Saturday, April 4, 2009

Time orientation

The brother sent this one on to me, with note that chapter-10 seems to mess with some links so should be skipped over.

First couple chapters are explanation of the idea. Of course I have zillions of questions about study format, are we measuring what we think we're measuring, etc, etc. This is a lecture talk, so they glazed over it all. I'll have to spend some time with the studies and get back on that, but let's make the assumption that all is as stated. It certainly seems to have a fair amount of face validity to it.

I'm automatically prone to applying these ideas to myself and the people around me who I know well, which of course is a terribly mix of anecdote, case study, and personal bias. But here's my thoughts: I grew up in a house of very future-oriented people, namely my father, who faces most decisions with the respect only an actuary would. All contingencies are planned for, any possible problems that could occur are treated as though all go wrong at the same time, and everything goes in a neat spreadsheet package. I have no idea how much of this was learned from risk assessment of space operations, but I suspect he came into the program with these very useful skills because he already possessed a great deal of them. My mother I'd say is compassed around present-present-future, which makes for a pretty good dynamic between the two of them. With occasional difficulty in choosing paint colors. Neither (and I suspect all people) fit cleanly into a particular spot all the time.

The result, myself, is someone who is situationally specific to all these things. Money, education, work, etc, I tend to over plan. I would say most of the time I knew exactly how much homework I had to turn in, how many days I had to show up, and what score I had to get on each exam before the first was done, with a proper margin of error based on statistical past experiences, of most of the classes I took. After which I would make up for my carefully plotted free time with totally unstructured, semi-risky adventures ranging from car racing to delicious treats. On top of that there's little doubt in my mind that I live my relationships excessivly in the past.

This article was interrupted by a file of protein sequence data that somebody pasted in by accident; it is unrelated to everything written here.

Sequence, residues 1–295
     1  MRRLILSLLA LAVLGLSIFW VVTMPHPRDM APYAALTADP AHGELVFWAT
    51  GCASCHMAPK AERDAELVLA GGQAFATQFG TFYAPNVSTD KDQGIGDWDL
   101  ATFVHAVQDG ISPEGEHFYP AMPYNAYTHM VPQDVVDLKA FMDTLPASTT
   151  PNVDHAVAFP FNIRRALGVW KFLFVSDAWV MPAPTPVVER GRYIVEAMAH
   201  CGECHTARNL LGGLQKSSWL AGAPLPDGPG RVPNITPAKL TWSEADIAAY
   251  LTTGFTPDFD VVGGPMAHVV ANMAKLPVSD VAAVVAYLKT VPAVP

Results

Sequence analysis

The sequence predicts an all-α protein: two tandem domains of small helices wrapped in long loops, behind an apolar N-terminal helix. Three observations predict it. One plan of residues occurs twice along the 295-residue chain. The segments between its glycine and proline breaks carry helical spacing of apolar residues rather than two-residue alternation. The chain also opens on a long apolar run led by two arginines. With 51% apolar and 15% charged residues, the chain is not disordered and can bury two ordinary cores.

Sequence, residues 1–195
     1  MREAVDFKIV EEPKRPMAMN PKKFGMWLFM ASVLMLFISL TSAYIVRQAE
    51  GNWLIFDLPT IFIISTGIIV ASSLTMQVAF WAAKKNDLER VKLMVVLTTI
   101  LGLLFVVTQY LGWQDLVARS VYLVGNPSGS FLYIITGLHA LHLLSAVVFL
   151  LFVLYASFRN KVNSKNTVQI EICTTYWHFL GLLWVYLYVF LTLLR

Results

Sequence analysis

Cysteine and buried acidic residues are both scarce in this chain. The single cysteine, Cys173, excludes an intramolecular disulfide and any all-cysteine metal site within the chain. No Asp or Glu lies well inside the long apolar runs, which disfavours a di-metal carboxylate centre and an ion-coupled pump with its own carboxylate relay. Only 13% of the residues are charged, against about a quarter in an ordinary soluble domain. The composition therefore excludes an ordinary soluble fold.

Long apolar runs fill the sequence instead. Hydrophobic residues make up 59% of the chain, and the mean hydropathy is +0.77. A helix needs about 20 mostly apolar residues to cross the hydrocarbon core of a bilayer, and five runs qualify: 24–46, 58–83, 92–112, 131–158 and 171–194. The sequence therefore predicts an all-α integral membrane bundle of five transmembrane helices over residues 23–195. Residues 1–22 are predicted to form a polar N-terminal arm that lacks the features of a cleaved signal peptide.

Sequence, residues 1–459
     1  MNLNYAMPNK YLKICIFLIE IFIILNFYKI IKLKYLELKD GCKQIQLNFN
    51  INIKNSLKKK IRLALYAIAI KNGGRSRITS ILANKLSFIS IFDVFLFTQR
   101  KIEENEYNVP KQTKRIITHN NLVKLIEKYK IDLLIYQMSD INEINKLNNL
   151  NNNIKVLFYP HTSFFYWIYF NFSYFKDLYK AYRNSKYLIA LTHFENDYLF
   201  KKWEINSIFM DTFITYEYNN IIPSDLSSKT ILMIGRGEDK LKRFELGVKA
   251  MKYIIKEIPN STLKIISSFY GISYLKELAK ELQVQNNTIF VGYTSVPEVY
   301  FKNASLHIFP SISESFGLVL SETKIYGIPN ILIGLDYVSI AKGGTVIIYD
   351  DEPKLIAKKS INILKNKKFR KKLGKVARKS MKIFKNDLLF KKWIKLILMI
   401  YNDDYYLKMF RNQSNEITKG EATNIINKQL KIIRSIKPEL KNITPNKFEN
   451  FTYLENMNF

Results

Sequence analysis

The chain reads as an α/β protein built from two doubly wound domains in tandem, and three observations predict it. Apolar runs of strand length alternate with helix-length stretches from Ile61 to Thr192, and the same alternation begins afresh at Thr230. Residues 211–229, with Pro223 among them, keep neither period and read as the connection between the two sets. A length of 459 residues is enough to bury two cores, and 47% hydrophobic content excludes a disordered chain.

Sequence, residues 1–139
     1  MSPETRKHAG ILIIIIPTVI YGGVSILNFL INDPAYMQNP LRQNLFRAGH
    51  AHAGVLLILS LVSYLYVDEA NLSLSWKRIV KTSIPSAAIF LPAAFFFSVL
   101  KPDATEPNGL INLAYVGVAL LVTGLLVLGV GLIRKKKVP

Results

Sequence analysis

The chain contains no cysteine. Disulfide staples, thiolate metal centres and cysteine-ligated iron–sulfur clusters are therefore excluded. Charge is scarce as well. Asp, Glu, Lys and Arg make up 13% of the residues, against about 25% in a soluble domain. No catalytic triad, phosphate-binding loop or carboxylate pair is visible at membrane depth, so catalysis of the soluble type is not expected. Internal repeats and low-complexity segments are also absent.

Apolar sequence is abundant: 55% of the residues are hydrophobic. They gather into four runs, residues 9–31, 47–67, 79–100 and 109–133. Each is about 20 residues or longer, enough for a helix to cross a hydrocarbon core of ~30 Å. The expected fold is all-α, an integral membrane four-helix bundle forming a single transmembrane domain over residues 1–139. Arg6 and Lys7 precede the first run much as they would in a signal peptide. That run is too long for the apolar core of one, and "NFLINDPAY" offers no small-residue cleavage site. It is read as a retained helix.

I think the link here is that present-future should be treated seperately from past by its common thread: pictureness. Past lacks a scale of big-picture or little picture- in fact I often find myself surpised when I sum up some past experience and it seems like it was a much bigger deal than I know it really was. I'm not sure which was really wrong. Present and future is different than that- some people are oriented strongly to big picture actions, and some to small picture actions.

The example of my student-y-ness is a big picture thing. I failed to view the individual work assignments, or even the tests themselves as relevant. The big picture was a college education, and as I progressed, a life education, until it grew to a life career, financial situation, personal capability, etc, etc. Somewhere down the road it will probably get to be even more abstract. This allowed me to put dotted lines around the required bits, like how much work, how much play, how much money. Often at the loss of little picture items- how often to pick up the phone, go out, finish that one project, etc. Things tend to get done in time, but things without a specific due-date tend to float for a long time. The whole is a steady march, but the individual projects tend to look more like intermitent sprints.

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